The next day we went to a big parking lot with lots of campers. We had visited here before. I like jumping up into the campers and looking around, but this time was different. Dad took us inside a building and we met a man who said he would let Mom drive one of the big campers, the one Dad calls the “Gray Shark”. Mom said she was nervous; I was surprised, I thought I was the only one in the family who got nervous. We left the building and went to one of the campers we had seen the week before. It has a super nice sofa for me to sit on and a big kitchen for Dad to cook in.

Nice white leather sofa for me and Dusty to lay on.

Nice white leather sofa for me and Dusty to lay on.

Sunova 35G kitchen

Sunova 35G kitchen

Dusty and I walked around inside the camper while Dad and the man looked at switches and talked about how to close things up. Mom moved the table over to the wall and safety belted it in. Then the floor I was standing on started to move. I got VERY nervous and went to Mom and sat on her foot. She patted my head and said not to worry, but I WAS WORRIED.

Big window to view the road.

Big window to view the road.

Once everything was closed up, Mom sat down in the driver seat and Dusty went and stood beside her to make sure she was doing everything right. Dad called Dusty to come sit on the sofa with us and Mom started to pull out of the parking spot. The man told her to “Stop”, then he got out of the camper and did something. When he came back he laughed and said he took the balloons off the mirror; we would look a bit silly driving down the road with balloons on the camper.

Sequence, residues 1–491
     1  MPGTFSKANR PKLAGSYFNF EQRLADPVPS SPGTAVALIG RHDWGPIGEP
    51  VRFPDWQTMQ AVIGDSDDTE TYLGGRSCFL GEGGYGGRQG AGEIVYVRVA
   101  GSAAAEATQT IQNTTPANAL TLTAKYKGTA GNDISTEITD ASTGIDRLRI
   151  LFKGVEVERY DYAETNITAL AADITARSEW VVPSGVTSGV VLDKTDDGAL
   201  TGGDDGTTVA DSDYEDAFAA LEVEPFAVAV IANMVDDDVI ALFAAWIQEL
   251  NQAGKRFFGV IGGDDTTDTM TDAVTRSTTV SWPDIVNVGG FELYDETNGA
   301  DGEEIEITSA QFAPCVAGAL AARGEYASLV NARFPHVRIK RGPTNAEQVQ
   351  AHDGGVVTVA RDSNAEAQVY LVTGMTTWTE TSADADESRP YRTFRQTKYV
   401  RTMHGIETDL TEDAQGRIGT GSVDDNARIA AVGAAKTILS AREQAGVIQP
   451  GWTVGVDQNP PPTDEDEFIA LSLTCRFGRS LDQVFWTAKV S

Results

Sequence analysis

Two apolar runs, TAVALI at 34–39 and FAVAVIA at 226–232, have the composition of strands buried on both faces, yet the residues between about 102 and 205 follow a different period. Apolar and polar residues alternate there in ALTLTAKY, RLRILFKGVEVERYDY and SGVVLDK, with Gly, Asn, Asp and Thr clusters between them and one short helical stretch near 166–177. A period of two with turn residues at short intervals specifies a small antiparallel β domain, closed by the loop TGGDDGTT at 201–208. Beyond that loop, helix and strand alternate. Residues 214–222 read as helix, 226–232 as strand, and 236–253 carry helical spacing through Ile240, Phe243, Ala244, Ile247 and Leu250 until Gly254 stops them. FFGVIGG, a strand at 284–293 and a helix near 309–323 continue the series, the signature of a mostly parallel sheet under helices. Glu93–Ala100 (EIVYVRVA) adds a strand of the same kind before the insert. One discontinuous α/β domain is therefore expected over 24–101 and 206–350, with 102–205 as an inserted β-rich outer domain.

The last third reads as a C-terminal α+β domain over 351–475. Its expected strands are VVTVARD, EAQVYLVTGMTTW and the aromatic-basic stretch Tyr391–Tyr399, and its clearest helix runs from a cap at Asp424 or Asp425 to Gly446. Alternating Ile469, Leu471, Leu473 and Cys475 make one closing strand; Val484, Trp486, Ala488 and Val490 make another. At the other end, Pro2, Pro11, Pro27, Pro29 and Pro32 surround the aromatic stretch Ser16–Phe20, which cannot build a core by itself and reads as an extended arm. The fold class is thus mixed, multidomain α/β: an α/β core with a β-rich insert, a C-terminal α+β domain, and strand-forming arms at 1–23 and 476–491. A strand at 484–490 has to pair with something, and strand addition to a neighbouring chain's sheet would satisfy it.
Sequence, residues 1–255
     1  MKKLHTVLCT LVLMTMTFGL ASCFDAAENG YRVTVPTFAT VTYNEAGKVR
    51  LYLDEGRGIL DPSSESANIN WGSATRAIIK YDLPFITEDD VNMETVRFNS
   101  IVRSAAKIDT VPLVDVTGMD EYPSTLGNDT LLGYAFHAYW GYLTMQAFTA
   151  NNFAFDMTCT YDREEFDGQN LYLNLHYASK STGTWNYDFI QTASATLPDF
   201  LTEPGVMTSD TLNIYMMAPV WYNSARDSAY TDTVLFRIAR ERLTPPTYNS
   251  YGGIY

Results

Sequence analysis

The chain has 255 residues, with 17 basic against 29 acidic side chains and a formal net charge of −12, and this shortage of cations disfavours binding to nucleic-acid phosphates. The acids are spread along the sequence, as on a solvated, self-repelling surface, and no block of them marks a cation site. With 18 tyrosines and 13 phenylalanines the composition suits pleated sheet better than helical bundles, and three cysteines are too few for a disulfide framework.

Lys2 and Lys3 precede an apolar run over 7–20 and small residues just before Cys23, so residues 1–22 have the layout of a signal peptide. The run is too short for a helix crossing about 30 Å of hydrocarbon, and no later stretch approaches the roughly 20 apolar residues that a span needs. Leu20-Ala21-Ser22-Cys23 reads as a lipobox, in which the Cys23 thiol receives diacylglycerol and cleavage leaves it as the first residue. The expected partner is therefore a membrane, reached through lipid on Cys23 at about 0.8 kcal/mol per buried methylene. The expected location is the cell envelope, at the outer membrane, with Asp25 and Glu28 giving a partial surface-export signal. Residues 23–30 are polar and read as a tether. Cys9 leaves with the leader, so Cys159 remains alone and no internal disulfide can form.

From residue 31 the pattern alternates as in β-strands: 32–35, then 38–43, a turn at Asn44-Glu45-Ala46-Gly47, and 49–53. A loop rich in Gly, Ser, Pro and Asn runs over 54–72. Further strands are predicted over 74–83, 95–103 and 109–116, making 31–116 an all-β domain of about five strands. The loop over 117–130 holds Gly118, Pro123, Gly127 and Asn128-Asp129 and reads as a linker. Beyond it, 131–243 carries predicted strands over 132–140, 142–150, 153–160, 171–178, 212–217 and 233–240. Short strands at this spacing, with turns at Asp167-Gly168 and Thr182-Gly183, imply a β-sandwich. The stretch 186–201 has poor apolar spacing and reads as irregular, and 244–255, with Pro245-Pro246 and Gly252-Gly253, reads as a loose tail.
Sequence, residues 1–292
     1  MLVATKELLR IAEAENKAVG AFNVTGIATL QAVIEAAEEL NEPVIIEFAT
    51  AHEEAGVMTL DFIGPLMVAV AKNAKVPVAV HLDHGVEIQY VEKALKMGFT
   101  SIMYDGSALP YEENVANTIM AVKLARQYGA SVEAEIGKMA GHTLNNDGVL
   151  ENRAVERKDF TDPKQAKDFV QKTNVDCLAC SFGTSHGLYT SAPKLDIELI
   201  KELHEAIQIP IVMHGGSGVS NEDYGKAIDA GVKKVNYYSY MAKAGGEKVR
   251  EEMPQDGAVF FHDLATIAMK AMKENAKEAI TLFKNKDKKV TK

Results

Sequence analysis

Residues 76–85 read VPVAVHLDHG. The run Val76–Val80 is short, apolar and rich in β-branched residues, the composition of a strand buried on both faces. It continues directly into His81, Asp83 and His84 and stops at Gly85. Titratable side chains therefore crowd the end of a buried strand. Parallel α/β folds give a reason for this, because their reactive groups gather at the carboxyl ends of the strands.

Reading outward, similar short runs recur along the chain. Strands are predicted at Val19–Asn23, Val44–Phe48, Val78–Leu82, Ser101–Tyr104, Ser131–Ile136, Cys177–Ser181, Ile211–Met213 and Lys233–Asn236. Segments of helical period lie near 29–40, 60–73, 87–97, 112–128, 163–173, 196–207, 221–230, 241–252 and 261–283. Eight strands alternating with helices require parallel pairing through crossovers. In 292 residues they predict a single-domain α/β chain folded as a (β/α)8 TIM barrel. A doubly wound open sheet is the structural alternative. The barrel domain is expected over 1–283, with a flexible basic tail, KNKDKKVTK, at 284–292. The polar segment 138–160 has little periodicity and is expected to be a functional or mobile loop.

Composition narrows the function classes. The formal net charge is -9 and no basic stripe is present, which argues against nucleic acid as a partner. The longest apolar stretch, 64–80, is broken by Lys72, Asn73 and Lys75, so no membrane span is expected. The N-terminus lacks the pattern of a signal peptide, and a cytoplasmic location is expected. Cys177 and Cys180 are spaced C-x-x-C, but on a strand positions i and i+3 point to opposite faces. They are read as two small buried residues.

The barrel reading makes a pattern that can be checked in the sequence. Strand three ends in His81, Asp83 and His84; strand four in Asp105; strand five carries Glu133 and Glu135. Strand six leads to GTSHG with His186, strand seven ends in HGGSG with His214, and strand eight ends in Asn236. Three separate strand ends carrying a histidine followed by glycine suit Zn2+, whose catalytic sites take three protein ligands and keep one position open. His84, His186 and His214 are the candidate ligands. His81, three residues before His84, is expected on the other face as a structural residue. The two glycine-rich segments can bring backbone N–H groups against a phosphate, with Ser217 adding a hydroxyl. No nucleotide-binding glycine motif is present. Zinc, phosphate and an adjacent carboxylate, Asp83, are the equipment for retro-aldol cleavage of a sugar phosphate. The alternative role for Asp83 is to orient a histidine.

When we got going I got more and more nervous. The camper makes lots of scary loud noises. I went and sat next to Mom and put my head on her lap, but I didn’t look out that big window. I looked at the floor and tried real hard to tell Mom we should Go HOME NOW, but she couldn’t hear my thinking. I snuggled closer and closer to her (and closer to the accelerator). Mom finally asked Dad to call me back to the sofa, she said she was worried that I would end up with my but on the accelerator and she’d lose control of the camper. Dad called me and I reluctantly went back to sit with him. After what seemed like forever, Mom told the man she thought we should find a place to turn around. He agreed and soon told her to turn left. She did and we were on this really narrow street with a truck coming right at us. I did not see this of course, cause I was looking at the back of the camper, but Dusty was standing up front looking out the big window and told me about it later. Mom sucked in her breath and willed the camper to be a little thinner so we would not lose the side mirror and it worked. The camper was so close to the shoulder that you could hear it kick up a couple shoulder rocks, but we made it past the truck and safely to the end of the street where there was a parking lot that Mom pulled into and stopped.